Only a little bit, though.
The fact remains that Twitter is a powerful engine for rapidly sharing news about any topic in headline format, allowing the reader to make a decision on whether to delve deeper in a matter of seconds. Why humanity has chosen to inundate these spaces with Bieber and pictures of cats is beyond me, but that doesn't mean that your Twitter feed has to experience the same fate.
In the spirit of #FF (Follow Friday), here are 7-ish Twitter accounts you can add to your feed to bring yourself some great chemistry content every day.
I'm going to go out on a limb here and say that you didn't join Twitter to get work done. Scientists, being humans, enjoy having fun with social media. Of course, scientists, being nerds, think that the best way to have fun with social media is to share pictures of their science with as many people as possible. In chemistry, these pictures are all curated and retweeted by @RealTimeChem (#RealTimeChem). From jury-rigged glassware setups to celebrations of that one triumphant spectrum, you're bound to find something interesting here. For example:
All I do is spin, spin, spin no matter what! #RealTimeChem #RealTimeRepetition pic.twitter.com/PkktW3ZhRM
— Tree Town Chemistry (@treetownchem) May 13, 2014
However, scientists on social media aren't only concerned with having fun. There has been a great deal of effort devoted to meeting the needs of underrepresented groups in the sciences in order to promote further participation. Obviously these problems are not yet solved, and conversations continue in a number of venues, Twitter included. The handle that I see most often is @BLACKandSTEM (#BLACKandSTEM), which provides amplification for the voices of black scientists across all disciplines. The handle also hosts frequent chats on universally important topics such as self-promotion and strategies for finding employment.
The American Chemical Society
Most scientific publications and organizations are on social media in some capacity, but the American Chemical Society does a particularly good job of it among chemistry-related organizations. Following @AmerChemSociety will get you access to tweets about high-profile publications from the flagship ACS journals. The best part about following the ACS, though, is that all of the different sub-handles all retweet each other, so by following @AmerChemSociety you'll get information about opportunities for employment, news targeted at graduate students, outreach activities, and more.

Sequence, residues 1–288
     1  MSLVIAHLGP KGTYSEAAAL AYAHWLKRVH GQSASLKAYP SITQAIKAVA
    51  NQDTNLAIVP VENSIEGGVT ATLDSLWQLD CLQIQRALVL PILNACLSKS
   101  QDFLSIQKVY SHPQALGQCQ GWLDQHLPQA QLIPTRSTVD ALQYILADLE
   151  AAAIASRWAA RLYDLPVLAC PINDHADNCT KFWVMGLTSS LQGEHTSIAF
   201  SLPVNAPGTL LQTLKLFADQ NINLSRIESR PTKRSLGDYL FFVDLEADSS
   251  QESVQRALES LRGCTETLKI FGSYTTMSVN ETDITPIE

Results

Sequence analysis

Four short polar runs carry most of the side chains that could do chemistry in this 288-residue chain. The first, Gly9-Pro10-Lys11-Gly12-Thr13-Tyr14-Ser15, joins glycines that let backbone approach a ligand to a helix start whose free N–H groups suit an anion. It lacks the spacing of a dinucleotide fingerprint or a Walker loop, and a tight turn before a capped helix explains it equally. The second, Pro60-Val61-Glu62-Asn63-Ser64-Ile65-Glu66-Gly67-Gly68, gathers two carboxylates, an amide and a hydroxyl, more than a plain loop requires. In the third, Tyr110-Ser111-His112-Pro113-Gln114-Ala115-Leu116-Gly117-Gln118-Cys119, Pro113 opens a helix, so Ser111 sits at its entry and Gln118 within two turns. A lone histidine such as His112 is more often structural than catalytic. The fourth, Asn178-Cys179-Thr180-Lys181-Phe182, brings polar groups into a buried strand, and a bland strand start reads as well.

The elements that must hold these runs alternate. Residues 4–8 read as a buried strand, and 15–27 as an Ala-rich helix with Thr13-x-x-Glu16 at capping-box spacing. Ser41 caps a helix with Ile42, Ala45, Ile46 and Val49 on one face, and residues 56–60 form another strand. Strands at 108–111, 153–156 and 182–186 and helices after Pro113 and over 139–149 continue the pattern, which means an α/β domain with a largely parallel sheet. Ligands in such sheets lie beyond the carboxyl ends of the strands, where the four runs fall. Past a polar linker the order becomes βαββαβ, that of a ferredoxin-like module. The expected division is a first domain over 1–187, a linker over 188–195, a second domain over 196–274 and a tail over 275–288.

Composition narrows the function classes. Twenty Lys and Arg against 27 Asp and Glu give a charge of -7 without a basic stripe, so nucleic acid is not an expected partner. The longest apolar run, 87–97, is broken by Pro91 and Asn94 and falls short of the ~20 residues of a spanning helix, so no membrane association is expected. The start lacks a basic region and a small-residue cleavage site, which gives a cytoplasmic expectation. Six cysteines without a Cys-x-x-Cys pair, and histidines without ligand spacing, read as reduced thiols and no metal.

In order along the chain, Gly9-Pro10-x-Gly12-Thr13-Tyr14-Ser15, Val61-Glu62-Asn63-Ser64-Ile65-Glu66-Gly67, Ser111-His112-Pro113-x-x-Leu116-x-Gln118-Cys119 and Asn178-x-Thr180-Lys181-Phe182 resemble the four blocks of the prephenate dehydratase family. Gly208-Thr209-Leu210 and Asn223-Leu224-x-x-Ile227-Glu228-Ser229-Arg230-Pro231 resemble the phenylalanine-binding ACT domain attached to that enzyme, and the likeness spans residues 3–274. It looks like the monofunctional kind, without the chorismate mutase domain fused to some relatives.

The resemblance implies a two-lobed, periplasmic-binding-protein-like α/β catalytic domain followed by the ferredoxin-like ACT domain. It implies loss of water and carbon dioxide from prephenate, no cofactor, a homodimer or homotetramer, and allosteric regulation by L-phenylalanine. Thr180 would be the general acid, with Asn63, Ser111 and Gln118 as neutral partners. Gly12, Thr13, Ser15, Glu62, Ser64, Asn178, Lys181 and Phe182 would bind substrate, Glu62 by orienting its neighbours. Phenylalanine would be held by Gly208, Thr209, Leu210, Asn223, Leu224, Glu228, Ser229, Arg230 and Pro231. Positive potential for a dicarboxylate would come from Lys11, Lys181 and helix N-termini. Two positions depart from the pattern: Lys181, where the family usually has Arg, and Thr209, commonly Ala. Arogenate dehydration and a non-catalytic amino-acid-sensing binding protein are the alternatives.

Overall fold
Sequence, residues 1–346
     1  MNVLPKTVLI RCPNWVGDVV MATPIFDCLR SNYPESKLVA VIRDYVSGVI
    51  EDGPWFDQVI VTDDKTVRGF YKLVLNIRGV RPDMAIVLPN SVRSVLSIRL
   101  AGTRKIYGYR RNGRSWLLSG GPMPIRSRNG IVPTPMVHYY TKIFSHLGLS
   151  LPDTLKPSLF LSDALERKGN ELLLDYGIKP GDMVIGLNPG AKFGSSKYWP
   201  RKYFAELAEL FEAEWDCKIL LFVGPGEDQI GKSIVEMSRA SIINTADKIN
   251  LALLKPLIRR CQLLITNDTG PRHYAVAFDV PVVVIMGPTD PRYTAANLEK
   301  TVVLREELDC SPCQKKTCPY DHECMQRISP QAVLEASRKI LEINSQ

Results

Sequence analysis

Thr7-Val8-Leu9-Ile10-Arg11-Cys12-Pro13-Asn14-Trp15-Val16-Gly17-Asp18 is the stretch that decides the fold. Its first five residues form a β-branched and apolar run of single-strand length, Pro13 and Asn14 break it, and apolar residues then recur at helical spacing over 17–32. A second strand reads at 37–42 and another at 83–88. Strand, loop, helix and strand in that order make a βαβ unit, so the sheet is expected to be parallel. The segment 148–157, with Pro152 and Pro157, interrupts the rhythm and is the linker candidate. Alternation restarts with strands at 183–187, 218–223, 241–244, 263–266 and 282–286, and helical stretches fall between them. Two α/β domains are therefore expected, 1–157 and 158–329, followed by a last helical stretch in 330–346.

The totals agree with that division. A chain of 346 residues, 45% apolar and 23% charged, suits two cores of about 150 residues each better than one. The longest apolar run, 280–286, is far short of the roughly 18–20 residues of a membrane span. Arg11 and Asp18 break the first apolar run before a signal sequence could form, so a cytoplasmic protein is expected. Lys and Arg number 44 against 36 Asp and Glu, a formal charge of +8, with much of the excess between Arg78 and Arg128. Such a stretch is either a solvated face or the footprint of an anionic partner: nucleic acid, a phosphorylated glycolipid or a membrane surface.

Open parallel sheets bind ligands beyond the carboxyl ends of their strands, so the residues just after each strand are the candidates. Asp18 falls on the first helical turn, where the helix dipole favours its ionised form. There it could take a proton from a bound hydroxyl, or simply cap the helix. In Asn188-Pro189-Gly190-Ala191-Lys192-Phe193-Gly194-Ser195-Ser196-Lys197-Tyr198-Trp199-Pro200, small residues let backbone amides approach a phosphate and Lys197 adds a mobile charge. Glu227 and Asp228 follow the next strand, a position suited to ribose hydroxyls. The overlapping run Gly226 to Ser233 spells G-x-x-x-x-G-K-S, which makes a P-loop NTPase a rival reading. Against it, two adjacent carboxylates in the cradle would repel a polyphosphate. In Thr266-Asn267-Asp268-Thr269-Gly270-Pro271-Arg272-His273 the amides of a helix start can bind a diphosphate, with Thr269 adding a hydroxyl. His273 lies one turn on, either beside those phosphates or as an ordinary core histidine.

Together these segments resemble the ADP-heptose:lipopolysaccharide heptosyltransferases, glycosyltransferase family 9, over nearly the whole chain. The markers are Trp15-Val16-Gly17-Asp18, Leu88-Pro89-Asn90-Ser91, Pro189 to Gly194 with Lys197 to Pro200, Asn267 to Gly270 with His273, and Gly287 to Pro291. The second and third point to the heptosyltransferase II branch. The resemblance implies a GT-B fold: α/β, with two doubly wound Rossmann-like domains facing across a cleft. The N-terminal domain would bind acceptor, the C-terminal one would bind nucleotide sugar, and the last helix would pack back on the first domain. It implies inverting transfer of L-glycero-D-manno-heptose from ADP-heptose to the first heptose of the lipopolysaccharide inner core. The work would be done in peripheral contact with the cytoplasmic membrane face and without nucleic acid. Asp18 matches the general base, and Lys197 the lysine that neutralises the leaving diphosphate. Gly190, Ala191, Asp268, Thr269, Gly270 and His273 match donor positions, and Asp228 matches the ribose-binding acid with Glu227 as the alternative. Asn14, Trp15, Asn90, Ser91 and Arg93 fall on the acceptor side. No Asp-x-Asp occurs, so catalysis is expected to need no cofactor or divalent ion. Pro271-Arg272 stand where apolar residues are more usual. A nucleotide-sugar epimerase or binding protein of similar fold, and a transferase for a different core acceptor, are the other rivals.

Another interesting facet of the ACS social media presence is @ACSReactions, which publishes short pop-science videos giving a chemical explanation for everyday curiosities. It hasn't been active for long, but has already made a big splash with a video about the chemistry of bacon smell.
Chemical & Engineering News
Tweets from Chemical & Engineering News (C&EN) probably make up the bulk of my feed, and they definitely get the bulk of my clicks. As with the main ACS account, the main C&EN account, @cenmag, retweets a large volume of content from its associates. If you're into materials chemistry and emerging technologies, you can't miss.
Additionally, C&EN reporter Carmen Drahl (@carmendrahl) hosts the short podcast Speaking of Chemistry (#speakingofchem), which gives bite-sized recaps of news items in a very accessible video format.
Do you love to read papers all the time? I'll admit that I've had lunch breaks cut short by a tweet about an interesting paper that inspired me to go out and be productive again. Go ahead and search for your favorite journals - odds are, if they're from the ACS, RSC, or Nature Publishing Group, they're on Twitter. You can use Twitter's Lists function to sort all of the journal tweets out of your feed, which is surprisingly helpful for staying on top of things if you're already on social media fairly often.
While it might be a long way from convincing your advisor that sitting on Twitter is helping you with your degree, following these accounts will give your feed a healthy variety of science news and happenings that you might have missed otherwise. Happy #FF!
Did I miss a good one? If you're following someone great that I haven't mentioned here, feel free to leave a comment!